The Indian Economy Blog

August 16, 2005

The Patent Glut in Pharma

Filed under: Intellectual property rights — Reuben Abraham @ 5:31 pm

If you’re looking for the state of Intellectual property development in a country, a good place to look is the patent office and the number of patent applications being filed. The newest reports from the drug/pharma industry holds very good news for India. Of course, we all know that the Indian pharma industry is very competitive, but I certainly did not know that India filed the second largest number of patent applications in the industry after the United States. This report does not mention whether these are applications filed in the U.S., India, world-wide etc, and neither does it mention anything about the number of patents actually granted. It doesn’t provide a source for these numbers either. So, take it with a pinch of salt, but here are the world’s top 10 IP creators in the pharmaceuticals industry, if this report can be believed.

12 Comments »

  1. Very interesting.I never thought India would figure in the top 5.India needs to implement a strict IPR regime if it wants to foster innovation because there is little incentive to innovate if there is no IPR regime…

    Comment by cogito — August 16, 2005 @ 11:22 pm

  2. Cogito, the IPR issue is very tricky. Remember the United States built its economy into the powerhouse it became with an extremely weak IPR regime and openly flouting patents and the like. There is also a good deal of research out there that indicates the benefits of patents and a strict IPR regime may not be as great as it seems.

    Comment by Reuben — August 17, 2005 @ 12:22 am

  3. There are patents and there are patents. Quantity and quality are two different things.

    Comment by PacRim Jim — August 17, 2005 @ 1:28 am

  4. Could you please elaborate on why a strict IPR regime may not be beneficial? Asking out of curiosity, because the reasons are not very obvious to me.

    Comment by sumeet — August 17, 2005 @ 1:30 am

  5. Sumeet, here is a good article for you to start with, that argues both the pros and cons — http://www.builderau.com.au/manage/0,39024662,39171460,00.htm

    You can also Richard Stallman on the subject of software patents.

    There is also research that looked at the United States’s IP protections in the 19th century. If I find soft copies, I’ll post those as well.

    Comment by Reuben — August 17, 2005 @ 1:54 am

  6. And here’s Richard Posner on the subject — http://www.becker-posner-blog.com/archives/2004/12/pharmaceutical_1.html

    Brian Kahin’s essay from First Monday — http://www.firstmonday.org/issues/issue6_1/kahin/

    This is my advisor, Richard Nelson’s take on the subject.

    The traditional costs (market concentration) and benefits (innovation) associated with IPRs protection, in particular patent protection, are often approached in a simplistic manner. The trade-offs are much more complex. There are, for example, costs related to patent protection in fostering innovations. One case is biotechnology, where the movement of proprietary rights into scientific processes makes innovation more costly. To put it differently, patents can increase transaction costs of R&D. From a policy perspective, such adverse effects of patent on innovation can be reduced by establishing smooth, easy, and cheap means for licensing.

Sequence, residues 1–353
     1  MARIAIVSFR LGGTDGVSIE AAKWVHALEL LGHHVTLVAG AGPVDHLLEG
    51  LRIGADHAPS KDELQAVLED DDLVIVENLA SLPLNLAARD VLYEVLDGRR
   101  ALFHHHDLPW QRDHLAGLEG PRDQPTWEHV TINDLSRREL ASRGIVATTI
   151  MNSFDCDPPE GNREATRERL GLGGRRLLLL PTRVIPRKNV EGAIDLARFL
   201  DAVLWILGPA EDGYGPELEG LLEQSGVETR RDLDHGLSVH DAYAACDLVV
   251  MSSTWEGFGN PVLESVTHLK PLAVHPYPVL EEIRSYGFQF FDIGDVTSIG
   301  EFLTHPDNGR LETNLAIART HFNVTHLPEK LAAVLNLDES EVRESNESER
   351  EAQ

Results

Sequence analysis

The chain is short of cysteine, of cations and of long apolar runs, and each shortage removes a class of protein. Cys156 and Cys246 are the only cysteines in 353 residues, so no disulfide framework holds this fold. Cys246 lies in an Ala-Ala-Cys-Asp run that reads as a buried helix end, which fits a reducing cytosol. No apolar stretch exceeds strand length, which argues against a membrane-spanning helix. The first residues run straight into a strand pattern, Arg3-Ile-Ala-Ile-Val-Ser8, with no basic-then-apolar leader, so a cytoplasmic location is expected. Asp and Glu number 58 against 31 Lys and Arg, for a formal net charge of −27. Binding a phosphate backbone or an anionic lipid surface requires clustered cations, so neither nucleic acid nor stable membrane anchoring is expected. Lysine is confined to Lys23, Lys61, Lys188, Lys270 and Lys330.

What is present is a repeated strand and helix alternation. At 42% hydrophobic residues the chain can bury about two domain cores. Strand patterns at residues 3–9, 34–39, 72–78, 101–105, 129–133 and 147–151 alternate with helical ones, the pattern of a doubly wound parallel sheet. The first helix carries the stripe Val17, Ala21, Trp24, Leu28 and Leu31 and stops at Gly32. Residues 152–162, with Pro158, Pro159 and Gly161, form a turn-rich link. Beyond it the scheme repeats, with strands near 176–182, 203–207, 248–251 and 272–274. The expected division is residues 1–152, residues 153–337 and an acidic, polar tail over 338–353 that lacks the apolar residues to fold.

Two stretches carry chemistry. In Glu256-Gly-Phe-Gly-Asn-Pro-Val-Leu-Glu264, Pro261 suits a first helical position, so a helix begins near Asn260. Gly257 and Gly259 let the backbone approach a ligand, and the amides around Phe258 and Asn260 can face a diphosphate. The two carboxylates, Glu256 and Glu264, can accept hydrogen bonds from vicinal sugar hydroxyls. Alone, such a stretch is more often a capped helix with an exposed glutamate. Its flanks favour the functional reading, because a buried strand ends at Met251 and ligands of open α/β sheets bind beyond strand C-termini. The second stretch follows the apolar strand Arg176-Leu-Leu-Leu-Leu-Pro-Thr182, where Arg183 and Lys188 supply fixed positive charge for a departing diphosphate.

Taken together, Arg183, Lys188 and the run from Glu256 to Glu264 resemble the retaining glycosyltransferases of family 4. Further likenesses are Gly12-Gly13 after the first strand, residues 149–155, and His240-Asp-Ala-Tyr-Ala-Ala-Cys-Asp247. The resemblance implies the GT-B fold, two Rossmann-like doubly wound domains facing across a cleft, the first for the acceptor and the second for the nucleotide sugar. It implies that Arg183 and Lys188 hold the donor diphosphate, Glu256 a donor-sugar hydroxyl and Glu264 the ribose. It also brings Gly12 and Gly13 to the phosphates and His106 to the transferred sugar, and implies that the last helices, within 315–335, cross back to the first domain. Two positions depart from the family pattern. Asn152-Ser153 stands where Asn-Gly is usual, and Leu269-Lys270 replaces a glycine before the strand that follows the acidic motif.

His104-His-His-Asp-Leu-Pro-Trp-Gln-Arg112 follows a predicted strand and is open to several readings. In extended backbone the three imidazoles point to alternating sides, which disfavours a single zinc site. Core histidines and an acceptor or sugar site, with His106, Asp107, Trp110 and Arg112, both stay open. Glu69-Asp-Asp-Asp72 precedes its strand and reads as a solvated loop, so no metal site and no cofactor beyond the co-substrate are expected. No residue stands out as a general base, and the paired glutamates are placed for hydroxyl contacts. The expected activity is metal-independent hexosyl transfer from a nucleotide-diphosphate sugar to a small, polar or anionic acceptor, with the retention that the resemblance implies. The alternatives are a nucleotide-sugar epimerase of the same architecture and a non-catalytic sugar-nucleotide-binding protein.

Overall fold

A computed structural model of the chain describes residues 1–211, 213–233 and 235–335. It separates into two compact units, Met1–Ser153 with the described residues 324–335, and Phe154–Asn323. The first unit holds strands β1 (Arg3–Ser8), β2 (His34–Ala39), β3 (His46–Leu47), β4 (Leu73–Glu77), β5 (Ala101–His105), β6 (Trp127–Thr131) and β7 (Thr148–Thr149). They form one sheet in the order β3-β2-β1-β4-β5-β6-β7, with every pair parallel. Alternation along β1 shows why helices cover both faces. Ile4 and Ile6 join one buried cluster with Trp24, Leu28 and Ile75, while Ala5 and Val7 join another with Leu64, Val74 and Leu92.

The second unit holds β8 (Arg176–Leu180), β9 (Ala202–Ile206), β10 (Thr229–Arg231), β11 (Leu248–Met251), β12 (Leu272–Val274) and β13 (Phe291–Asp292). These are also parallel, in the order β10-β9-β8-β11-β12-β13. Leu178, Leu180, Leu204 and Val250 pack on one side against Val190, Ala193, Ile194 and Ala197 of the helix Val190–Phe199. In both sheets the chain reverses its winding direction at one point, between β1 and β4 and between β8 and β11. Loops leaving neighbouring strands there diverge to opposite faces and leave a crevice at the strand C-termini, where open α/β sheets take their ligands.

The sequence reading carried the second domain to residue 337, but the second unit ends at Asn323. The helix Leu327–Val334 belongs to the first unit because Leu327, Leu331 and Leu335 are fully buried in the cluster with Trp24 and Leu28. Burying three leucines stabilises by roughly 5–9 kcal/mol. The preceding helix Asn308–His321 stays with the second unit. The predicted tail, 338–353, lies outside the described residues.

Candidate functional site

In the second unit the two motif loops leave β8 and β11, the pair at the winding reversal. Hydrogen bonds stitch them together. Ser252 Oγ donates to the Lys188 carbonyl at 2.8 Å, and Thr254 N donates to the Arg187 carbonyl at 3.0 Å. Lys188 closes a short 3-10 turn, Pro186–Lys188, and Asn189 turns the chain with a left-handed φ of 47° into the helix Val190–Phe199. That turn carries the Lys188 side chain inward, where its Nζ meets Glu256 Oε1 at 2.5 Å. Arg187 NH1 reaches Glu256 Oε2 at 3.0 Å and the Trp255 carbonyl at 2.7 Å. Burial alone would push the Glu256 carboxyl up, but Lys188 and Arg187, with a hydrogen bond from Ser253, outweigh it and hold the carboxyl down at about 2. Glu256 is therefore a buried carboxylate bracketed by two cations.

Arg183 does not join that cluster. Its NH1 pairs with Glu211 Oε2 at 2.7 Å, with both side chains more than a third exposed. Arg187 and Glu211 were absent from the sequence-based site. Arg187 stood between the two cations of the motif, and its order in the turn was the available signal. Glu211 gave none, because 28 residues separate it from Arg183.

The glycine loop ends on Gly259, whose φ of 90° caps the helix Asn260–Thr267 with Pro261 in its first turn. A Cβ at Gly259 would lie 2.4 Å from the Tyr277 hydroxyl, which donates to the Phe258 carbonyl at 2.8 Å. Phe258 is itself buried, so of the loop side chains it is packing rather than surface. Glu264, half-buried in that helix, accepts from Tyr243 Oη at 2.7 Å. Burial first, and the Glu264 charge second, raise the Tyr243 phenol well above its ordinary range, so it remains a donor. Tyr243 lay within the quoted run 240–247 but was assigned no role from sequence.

The third issue concerns the effect of IPRs on firms in developing countries to climb the technological ladder. In order to assess this one should address the following questions. How did countries in the past move from a technological follower to a leader? What role does imitation play in early stages of development and how do countries move from imitation to innovation and climb the ladder? And in this context, what is the role of IPRs?

    Comment by Reuben — August 17, 2005 @ 2:09 am

  7. Well really india needs good ipr rules….few days back the court ordered for decentralization of indian trademark office. which is a real good.

    Comment by Srinath — January 28, 2006 @ 4:20 pm

  8. There was an article about a small american manufacturers in wsj a few years ago.
    cant find the link but the summary is

    There was a tinkerer in ohio who invented a mechanical widget.
    The fella used his wife as a model for the widget he made.
    In 2 years the husband and wife operation has good sales and grows to a 20 person operation and and the decides to check out a trade show in mainland china to lookfor oppurtunity
    He was surprised to find some selling the same widget in the same packaging and using same advertising material including logo and pictures of his wife selling the widget!

    It was quite hillarious story!

    Comment by Guru Gulab Khatri — January 30, 2006 @ 11:00 pm

  9. India’s patent filings increased from 390 to 497 out of 1,32,861 PCT patents. But filings by Indian citizens filling for patents worldwide fell from 723 to 564. Most of these are filing by Government institutions and are predominantly non-commercial kind that has no commercial relevance.

    http://www.wipo.int/ipstats/en/statistics/patents/top_countries.html
    http://www.wipo.int/ipstats/en/statistics/patents/pdf/pct_monthly_report.pdf

    I have highlighted India (IN) in the attached WIPO PCT document. Pages 6&8 for Indians and 18 for India.

    So India is nowhere on Intellectual Property Map of the world.

    Comment by Ravinder Singh — February 10, 2006 @ 11:56 am

  10. I want to know about Mr. Ravinder Singh who claims himself as WIPO approved inventor
    regards
    panda

    Comment by Kalyan Panda — May 27, 2006 @ 6:42 pm

  11. nice one…but this year also patent registration is on rise especially in pharmas

    Comment by Trademarks — August 12, 2006 @ 2:09 am

  12. perfect blonde ass

    Comment by Males — December 8, 2006 @ 3:33 pm

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